Phil and Al both support SOURCE in the UK, delivering training and expertise for the VIRTUS Soldier System. They both compete in this year’s Telemark Championships and we took some time to chat about Telemark and their job, instructing units in the British Army about the new VIRTUS Soldier System by SOURCE.
How did you get into the job?
Phil – I was lucky and spent time working at Infantry Trials and Development Unit in Warminster. I really enjoyed the work and being able to make a difference. The opportunity came up helping roll out the SOURCE VIRTUS system so I jumped at the chance to use my experience to pass it onto others.
Al – The success of using an experienced ex-service member and a revised fielding model became very clear, this led to the MOD wanting to expand the team. Having spent the latter part of my career as a weapons instructor I quickly discovered I had a passion for teaching, this combined with a good knowledge of solider systems and my interest in “perfecting equipment” (known in the military as a kit pest!) made me a strong fit for the role.
What is your average day?
Phil – There is no average day. We can spend time briefing on VIRTUS, teaching how to best use the kit to yomping over the Brecon beacons and bivvying out in the kit to see how it performs when living with it.
Al – As Phil’s said it’s an incredibly varied role, in my first year I have spent time out in Israel, Cyprus and Estonia and covered nearly 20 thousand miles visiting Units around the UK. One week I could be presenting to an audience of 500, the next I could be crawling through a swamp trialling equipment.
What is the best part of your job?
Phil – Getting the best kit for the soldier. We spend a lot of time testing, evaluating and developing the system to ensure it works when needed. We will spend time using the kit in realistic situations and wear it in demanding conditions. Running an assault course in 38oC whilst wearing Body Armour and equipment weighing 32kg was pretty miserable though!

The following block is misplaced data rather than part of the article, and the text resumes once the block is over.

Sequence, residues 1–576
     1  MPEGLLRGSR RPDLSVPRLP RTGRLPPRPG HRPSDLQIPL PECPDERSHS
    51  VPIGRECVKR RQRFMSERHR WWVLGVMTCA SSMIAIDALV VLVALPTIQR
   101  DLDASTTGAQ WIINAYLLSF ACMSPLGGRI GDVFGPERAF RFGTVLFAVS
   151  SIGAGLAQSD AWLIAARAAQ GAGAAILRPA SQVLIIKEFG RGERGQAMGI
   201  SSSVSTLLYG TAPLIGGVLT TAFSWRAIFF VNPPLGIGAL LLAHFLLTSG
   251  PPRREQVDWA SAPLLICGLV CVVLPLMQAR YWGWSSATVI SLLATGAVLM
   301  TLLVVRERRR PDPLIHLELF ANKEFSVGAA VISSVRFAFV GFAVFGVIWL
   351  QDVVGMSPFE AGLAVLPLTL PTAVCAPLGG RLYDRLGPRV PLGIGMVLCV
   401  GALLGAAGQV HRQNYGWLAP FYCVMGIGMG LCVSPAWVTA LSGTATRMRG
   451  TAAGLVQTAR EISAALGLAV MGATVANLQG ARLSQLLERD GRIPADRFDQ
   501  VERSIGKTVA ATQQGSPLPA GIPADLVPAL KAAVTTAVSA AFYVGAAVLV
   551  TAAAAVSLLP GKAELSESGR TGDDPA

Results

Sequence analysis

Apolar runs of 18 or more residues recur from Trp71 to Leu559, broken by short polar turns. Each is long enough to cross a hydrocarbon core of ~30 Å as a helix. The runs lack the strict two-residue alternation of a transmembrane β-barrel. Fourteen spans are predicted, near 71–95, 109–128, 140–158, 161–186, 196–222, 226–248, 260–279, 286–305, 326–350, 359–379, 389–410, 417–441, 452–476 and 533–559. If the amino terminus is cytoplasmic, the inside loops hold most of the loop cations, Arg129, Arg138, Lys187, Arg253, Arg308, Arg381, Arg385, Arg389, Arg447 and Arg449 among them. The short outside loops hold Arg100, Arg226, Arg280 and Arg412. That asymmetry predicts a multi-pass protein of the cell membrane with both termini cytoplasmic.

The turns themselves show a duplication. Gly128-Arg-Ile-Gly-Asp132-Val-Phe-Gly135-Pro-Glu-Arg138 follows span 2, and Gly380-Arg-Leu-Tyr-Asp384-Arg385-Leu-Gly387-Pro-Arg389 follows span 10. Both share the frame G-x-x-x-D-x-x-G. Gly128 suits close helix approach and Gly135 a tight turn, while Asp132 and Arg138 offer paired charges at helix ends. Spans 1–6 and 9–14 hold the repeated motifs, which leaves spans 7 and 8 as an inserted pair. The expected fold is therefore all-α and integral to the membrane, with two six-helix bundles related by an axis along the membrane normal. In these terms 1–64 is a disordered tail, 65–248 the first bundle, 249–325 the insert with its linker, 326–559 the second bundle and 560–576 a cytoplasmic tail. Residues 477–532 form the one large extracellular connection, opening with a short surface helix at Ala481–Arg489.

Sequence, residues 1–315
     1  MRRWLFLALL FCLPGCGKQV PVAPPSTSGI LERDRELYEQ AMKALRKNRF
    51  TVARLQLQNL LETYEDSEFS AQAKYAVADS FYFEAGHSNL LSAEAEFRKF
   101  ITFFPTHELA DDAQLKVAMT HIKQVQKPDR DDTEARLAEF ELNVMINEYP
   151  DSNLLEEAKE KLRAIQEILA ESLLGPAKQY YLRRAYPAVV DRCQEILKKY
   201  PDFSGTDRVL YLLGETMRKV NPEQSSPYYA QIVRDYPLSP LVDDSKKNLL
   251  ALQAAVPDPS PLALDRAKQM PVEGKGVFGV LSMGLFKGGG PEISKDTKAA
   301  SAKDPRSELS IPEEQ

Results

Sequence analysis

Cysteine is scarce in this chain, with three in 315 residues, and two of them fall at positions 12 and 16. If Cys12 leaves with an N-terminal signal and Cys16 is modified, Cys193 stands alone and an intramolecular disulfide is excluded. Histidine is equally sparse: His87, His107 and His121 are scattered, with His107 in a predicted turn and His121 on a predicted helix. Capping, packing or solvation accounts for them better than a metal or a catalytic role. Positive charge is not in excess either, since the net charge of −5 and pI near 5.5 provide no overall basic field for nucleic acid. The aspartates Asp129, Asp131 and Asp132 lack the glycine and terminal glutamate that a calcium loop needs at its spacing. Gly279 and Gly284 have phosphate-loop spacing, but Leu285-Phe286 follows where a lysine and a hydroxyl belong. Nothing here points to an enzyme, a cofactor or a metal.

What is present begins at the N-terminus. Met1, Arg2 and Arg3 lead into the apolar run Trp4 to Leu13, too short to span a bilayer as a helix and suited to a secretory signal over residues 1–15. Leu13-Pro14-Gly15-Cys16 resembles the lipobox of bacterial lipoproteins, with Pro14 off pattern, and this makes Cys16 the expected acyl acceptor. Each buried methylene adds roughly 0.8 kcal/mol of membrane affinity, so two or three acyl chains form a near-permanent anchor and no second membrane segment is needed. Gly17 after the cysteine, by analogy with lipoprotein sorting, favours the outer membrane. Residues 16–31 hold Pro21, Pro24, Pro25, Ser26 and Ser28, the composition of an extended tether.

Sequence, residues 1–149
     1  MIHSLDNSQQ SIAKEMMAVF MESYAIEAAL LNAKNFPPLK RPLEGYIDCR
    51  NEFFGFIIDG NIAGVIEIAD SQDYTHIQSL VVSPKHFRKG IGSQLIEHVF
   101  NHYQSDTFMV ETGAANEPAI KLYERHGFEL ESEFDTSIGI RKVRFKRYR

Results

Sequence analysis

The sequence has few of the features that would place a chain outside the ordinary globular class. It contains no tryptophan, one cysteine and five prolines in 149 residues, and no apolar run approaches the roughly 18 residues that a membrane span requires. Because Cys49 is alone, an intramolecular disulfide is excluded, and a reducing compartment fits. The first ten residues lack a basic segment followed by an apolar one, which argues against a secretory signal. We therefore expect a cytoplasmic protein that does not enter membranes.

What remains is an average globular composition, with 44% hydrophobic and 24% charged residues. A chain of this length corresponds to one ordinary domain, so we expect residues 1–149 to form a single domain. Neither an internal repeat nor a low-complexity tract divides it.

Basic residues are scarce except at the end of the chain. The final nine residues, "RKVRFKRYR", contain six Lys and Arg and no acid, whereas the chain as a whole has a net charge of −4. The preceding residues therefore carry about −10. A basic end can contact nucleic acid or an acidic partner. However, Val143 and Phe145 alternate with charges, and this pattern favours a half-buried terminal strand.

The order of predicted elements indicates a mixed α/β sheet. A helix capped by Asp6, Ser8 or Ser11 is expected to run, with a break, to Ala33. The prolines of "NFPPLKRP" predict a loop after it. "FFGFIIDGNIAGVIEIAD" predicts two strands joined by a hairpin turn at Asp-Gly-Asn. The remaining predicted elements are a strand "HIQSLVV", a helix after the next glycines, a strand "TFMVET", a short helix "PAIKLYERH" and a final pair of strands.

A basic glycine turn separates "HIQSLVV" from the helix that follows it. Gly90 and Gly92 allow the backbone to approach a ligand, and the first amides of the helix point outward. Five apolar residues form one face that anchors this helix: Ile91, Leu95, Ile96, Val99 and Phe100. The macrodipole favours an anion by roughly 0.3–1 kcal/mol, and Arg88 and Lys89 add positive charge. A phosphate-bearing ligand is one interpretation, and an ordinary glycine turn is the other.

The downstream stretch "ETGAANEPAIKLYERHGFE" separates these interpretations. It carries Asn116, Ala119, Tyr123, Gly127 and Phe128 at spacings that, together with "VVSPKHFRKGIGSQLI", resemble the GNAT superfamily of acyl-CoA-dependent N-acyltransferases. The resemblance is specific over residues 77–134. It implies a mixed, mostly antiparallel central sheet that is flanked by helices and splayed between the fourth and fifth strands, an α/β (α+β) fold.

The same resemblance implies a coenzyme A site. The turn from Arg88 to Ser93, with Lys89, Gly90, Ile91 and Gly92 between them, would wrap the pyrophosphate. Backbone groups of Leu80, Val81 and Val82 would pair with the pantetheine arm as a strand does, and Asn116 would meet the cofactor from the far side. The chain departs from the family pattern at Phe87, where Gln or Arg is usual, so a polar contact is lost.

Al – Interacting closely with the end user and assisting them in getting the most from the equipment in their bespoke roles. As VIRTUS is now being issued to a very broad spectrum of UK armed forces, we see many different user groups and their requirements; for instance a configuration that works for an infantryman will be different to that of a medic or AFV crew.
What have you learned about the MOD and kit procurement?
Al – Whilst I was still serving, the general feeling from the troops was that the MOD would go for the cheapest option when it came to equipment. Having now seen a procurement process from the invitation to tender through to trial phase, this is not the case. The list of requirements the equipment must meet (a lot of which are unseen to the end user) is extensive and thus the challenge faced by a manufacturer to meet all of them is huge.
If they make it through this selection then it’s on to a trial phase where the equipment will be extensively tested in various environments by the end user. I think it is safe to say, the end user is getting the best equipment available at that time.
Now last but not least: Why telemark?
We are are both ex Royal Marines and Telemark Skiing is a transferable skill used by the RM in the Arctic. Phil spent quite a few winters in Norway with the Royal Marines and learned to Telemark (badly) on military planks! During Al’s time with the Royal Marines, the Arctic deployments ceased due to operational commitments, hence his being new to the sport.
The Telemark Championships give the opportunity to learn how to do it properly with some really great tuition. Ultimately though it is because Phil is always looking for the perfect turn.
Thank you Al and Phil, and good luck for the upcoming races!!